This Eason Jordan piece is pretty amazing, and suggests that what some conservative friends have been telling me may turn out to be true -- that the human rights case for ousting Saddam could turn out to be strong enough to compensate even for a U.S. failure to find WMD. ... Mickey's Assignment Desk #1: Should there be a "gross violation of human rights" exception to the generally-accepted ban on trans-border aggression, in addition to a "genocide" exception? Over to you, Samantha Power! ... Mickey's Assignment Desk #2: Should Jordan really have withheld the news that Uday Hussein intended to kill his brothers-in-law, two of the most valuable defectors we had? Jordan did it to save the life of an Iraqi translator, whom he was convinced Uday would kill if he went with the story. On the other hand, Jordan doesn't seem to have warned the brothers-in-law, who subsequently were killed. ... Did Jordan pass the news on to the U.S. government? That might have lent some substance to Saddam's otherwise seemingly delusional claim that Jordan was really a spy for the U.S. -- but the way out of that dilemma, for Jordan, was to publish. Take it away, Jack Shafer! ... More on the Jordanian crisis: Jonah Goldberg, New Republic(check also the last graf of this Franklin Foer piece). and James Glassman (another good last graf). Glenn Reynolds promises something here, but it's already been, like, 15 minutes ...  12:25 A.M.

Has Jo Moore moved to Florida? ... 11:58 A.M.

Gen. McCaffrey, call your office: The "troop strength" debate isn't quite over! ...

The US does not have enough troops on the ground in Baghdad to maintain order, BBC correspondents in the city say. -- BBC News.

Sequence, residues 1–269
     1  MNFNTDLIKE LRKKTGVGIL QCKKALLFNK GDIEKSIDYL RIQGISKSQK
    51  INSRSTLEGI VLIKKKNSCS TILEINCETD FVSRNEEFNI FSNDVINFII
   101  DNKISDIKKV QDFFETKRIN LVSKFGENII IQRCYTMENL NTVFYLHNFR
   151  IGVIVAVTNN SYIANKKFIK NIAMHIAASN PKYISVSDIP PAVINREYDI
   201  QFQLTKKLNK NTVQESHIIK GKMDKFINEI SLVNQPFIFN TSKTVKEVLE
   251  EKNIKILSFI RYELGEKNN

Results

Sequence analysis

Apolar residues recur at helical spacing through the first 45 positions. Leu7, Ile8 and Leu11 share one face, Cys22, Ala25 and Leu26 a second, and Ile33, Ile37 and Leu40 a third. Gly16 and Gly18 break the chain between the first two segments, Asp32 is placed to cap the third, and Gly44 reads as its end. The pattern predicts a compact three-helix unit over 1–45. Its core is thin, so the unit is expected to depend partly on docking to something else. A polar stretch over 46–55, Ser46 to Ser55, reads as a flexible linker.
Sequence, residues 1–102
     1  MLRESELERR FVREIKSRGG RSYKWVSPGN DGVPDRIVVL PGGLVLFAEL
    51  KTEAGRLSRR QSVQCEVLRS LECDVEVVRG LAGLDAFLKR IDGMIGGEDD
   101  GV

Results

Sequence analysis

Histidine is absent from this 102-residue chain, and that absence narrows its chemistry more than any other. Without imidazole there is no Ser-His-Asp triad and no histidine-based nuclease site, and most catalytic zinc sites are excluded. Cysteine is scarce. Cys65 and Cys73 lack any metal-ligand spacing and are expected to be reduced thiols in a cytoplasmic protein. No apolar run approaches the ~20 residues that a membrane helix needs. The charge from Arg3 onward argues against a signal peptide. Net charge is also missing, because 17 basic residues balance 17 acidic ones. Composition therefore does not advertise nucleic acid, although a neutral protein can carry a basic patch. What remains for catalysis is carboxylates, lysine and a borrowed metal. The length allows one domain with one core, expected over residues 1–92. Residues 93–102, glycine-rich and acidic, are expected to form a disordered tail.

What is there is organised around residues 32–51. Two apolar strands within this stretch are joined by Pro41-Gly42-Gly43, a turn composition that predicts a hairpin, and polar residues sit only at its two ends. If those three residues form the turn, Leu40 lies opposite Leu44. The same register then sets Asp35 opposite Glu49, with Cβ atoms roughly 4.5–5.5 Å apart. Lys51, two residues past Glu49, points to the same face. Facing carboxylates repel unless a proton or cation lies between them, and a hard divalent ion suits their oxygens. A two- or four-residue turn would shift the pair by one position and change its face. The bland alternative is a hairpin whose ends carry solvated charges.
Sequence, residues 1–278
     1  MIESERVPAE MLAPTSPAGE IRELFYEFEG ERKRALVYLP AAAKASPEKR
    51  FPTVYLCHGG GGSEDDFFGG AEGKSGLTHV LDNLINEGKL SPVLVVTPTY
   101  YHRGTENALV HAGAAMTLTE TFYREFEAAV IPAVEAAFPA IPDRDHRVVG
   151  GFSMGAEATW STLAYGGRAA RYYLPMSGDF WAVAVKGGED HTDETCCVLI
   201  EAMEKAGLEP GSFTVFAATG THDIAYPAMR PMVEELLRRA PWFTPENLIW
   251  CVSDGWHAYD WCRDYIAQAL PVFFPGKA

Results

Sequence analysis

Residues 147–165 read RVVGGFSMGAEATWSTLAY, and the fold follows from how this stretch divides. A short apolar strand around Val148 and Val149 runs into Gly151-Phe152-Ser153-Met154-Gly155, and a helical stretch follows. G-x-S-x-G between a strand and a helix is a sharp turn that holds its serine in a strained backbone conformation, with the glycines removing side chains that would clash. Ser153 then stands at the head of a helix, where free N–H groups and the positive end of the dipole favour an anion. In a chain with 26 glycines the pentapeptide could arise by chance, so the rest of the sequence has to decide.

More: From Slate's "Today's Papers":

Basra also appears to getting a bit Mad Max-ian. "We have no medicine, no hospitals, no police," one resident told the LAT. The Wall Street Journal describes "gangland"-type violence. One worker at a maternity hospital recounted how he was shot as armed men came to steal the hospital's electricity generator. As the NYT mentions,  the Red Cross, citing a lack of security, suspended its operations across Iraq yesterday.

Update: The MinuteManhas spotted McCaffrey ... heading for the hills on MSNBC! ...3:49 A.M.

Wednesday, April 9, 2003

Who screwed over Amy Smithson? A juicy NYT Editor's Notereveals that key remarks attributed to chem-weapons expert Smithson were not only given "on the condition that she would not be quoted by name" -- a condition the NYT apparently violated -- they were "paraphrases of a remark Ms. Smithson made" in an email on condition that she not be quoted by name. [Emphasis added.] In other words, she never said or emailed those words at all! ... The byline on the story in questionwas "Judith Miller with Douglas Jehl." ... Obvious solution they missed: Why not just take out the quotes and attribute it to an "old Kennedy hand"? Then it will read like a Johnny Apple story! ... 2:48 A.M.

Tuesday, April 8, 2003

La Fiesta de la Gulag: Why are a group of high-powered "New York-based VIPs" -- as reported in A.L. Bardach's Newsweek International "Global Buzz" column  -- joining Yoko Ono in traveling to Cuba to meet with Fidel Castroin the middle of Castro's repressive campaign to throw scores of dissidents in prison?  ... It's one thing to go to visit Cuba. It's another to go now, when Castro will use the publicity as cover for his anti-democracy drive. It's especially ironic that press and publishing executives are paying an apparent premium to meet with a man who is busy jailing journalists and writers for being journalists and writers. (The trip's cost, -- a reported $6,500 per person -- is inexplicable, unless you consider that Ono's presence guarantees an audience with Fidel.)  ... P.S. Does it matter that the trip was scheduled before Castro's crackdown? No. It can be cancelled. It's as if the Lennonist junketeers were determined to prove Richard Cohen right. ... P.P.S.: Why do so many U.S. big shots like go to Cuba anyway? It can't be that much fun to hear Castro pontificate for hours. I'm reliably informed by multiple sources that one potential lure for some (not all!) is ... well, let's just say the prostitution scene is reportedly a shopper's paradise. That motive emphatically does not apply to the current Yoko Ono trip, which seems to be a short businesslike visit. So what's their excuse? ...  ... Mickey's Asignment Desk: Some good could still come of the trip if those on it can be shamed into either speaking out against Castro's clampdown or meeting with some of the beleaguered dissidents. Where's the N.Y. Post when you need it? ... 10:53 P.M.